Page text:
“Neither of us feels the need to compete with the other.” Aside from a shared devotion to advancing the cause of LGBT advocacy, the couple enjoys cooking, gardening, entertaining and traveling together. Three years into their relationship, they decided to make it official with a wedding ceremony, officiated by a Lutheran minister, at an outdoor venue in San Antonio in front of some family and friends. At that time, Canon’s parents were still uncomfortable having a gay son and did not attend the ceremony. Canon was quick to state that things have completely changed since then: “Now, if I go home without Perry, they’re like, ‘Why didn’t you bring Perry?”
His parents were the most challenging part of coming out, and it was based on his fear of rejection and their discomfort. However, deep down Canon believes they knew he was gay. From a very early age, he can recall the reaction he had on the rare occasion he would see a guy with his shirt off; he felt a connection to him.
Challenges & Rewards
Nowdays Canon said the biggest challenge facing the LGBT equality movement is connecting with straight allies. He believes that the majority of Americans are with gay and lesbian people on the core issues—so long as there’s an education component.
“There are a lot of people who’re on our side, but don’t understand what rights we don’t have. It’s not uncommon for me to talk with very educated, progressive straight people who don’t know that you can be fired in Texas for being gay,” said Canon. “They’re like, ‘It can’t be true.’ You can just see the disconnect.”
Other than his passion for social justice in the realm of civil rights, he was noticeably indignant when he dis- cussed the country’s health care challenges. “For me, it is an utter outrage that we live in one of the wealthiest countries in the world and yet, one out of every four Texans has limited access to basic health care. I can’t even fathom how anyone thinks that’s okay.”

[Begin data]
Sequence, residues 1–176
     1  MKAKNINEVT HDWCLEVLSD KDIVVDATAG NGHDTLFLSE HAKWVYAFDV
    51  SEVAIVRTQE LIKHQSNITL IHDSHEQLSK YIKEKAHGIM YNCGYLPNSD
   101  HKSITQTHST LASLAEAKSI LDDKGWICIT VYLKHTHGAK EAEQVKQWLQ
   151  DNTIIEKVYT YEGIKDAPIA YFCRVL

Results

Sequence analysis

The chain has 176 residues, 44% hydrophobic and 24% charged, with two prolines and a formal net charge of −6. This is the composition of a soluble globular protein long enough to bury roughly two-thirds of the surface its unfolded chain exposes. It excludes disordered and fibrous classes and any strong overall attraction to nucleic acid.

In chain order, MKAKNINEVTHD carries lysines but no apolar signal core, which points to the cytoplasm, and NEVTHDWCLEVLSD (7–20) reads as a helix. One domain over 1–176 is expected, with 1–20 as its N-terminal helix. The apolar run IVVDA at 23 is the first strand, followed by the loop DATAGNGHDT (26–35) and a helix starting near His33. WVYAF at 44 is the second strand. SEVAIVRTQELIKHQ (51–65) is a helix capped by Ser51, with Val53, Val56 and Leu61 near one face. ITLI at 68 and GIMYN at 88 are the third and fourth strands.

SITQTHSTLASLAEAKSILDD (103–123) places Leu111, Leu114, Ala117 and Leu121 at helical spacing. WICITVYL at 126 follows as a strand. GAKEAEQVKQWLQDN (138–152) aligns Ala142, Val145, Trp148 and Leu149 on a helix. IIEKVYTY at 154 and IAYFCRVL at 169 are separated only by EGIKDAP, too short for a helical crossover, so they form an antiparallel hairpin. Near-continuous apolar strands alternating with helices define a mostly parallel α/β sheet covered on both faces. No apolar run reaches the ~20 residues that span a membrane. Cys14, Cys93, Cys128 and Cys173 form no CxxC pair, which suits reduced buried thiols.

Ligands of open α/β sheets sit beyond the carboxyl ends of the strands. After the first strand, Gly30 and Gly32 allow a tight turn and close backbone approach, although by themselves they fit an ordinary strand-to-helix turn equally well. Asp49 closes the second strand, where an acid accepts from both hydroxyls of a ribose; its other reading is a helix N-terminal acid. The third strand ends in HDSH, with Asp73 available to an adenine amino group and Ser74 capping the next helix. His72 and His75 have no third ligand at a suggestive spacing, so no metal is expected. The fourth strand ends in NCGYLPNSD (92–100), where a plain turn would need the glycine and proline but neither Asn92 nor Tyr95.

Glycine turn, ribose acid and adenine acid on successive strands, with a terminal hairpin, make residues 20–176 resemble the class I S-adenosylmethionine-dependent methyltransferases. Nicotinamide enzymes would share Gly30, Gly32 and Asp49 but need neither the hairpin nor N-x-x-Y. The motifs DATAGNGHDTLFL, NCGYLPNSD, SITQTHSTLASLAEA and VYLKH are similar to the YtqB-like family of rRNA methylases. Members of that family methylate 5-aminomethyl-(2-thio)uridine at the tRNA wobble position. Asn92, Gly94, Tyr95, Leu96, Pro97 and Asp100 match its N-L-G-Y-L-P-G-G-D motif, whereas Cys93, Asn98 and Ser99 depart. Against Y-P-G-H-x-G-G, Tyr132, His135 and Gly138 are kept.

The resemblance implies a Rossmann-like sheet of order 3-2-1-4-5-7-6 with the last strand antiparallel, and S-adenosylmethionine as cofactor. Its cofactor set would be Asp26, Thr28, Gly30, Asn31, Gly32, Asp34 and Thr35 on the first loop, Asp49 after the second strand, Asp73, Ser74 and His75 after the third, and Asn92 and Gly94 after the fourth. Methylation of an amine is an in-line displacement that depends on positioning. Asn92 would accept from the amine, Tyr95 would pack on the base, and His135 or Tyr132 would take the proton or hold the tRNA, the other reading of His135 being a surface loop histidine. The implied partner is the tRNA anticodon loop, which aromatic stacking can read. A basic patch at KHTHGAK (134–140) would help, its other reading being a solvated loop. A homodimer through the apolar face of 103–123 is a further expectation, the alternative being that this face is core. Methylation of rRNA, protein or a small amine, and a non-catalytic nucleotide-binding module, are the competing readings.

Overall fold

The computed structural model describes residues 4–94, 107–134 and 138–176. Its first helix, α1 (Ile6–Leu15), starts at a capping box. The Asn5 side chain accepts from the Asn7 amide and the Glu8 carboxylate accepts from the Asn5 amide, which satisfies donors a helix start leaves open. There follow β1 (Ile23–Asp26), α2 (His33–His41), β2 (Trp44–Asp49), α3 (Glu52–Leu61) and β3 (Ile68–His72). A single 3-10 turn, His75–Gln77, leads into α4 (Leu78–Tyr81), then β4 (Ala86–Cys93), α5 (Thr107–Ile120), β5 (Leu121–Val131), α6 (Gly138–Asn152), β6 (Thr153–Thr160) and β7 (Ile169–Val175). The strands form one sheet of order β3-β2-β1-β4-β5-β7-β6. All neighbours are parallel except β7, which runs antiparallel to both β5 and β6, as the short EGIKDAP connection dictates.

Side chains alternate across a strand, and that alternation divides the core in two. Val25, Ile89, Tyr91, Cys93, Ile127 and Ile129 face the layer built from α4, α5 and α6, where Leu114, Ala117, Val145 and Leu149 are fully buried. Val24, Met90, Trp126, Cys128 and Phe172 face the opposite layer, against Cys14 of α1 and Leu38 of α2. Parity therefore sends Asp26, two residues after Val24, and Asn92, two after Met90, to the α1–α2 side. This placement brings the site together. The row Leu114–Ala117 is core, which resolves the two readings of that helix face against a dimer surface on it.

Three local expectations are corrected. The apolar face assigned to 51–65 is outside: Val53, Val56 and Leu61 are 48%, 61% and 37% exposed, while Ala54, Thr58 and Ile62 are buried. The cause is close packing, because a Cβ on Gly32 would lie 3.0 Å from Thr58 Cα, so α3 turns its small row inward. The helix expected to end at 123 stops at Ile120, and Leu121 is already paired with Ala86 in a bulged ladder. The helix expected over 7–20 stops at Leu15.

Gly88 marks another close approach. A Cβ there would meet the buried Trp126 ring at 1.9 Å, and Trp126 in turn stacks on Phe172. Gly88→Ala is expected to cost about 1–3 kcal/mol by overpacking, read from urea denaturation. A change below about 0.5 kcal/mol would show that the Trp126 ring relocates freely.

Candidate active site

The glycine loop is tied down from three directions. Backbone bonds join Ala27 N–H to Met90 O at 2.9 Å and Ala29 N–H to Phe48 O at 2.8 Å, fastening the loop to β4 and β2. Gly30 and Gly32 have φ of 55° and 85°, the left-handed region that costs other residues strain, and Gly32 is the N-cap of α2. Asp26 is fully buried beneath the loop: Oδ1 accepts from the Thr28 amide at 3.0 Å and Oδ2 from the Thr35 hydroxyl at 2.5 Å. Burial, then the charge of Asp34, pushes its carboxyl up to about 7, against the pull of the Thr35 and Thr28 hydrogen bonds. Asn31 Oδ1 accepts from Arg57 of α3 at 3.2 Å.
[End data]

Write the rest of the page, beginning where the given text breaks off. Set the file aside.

Canon added that he believes it’s the single most impor- tant challenge facing the state and the country. Working the long hours of a doctor, maintaining a strong relation- ship, and staying active in the struggle for LGBT equality would seem like a lot to balance, but Canon handles it with aplomb.
“As an adult, Todd has continued his balance of work and play—he works hard in his practice and is one hundred percent devoted to his patients, and he makes time for the HRC, physical fitness and friends,” said longtime friend Pryor-Baze. “He works hard to meet the needs of those around him, without hurting their feelings when he needs to set boundaries with his time.”
The couple is also in the midst of building a new home in Clarksville (their architect, Tim Cuppett, is featured in Home on page 38), and they’re hoping to move in later this spring.
Although they don’t plan to start a family—Canon said he’s fortunate to have great relationships with his niec- es and nephews—they are putting down roots in Austin.
“I expect Todd and I will be more in love, actively pursu- ing our careers, and enjoying our new home with family and friends,” Heitman said. “Todd is a generous, considerate and passionate man. I aspire to be the same, but I often fall short.”
“I’m passionate about healthy communities and civil rights,” Canon said. “I have a great career, a great activist volunteer life, a great relationship and family that I love. I feel very blessed in this life.”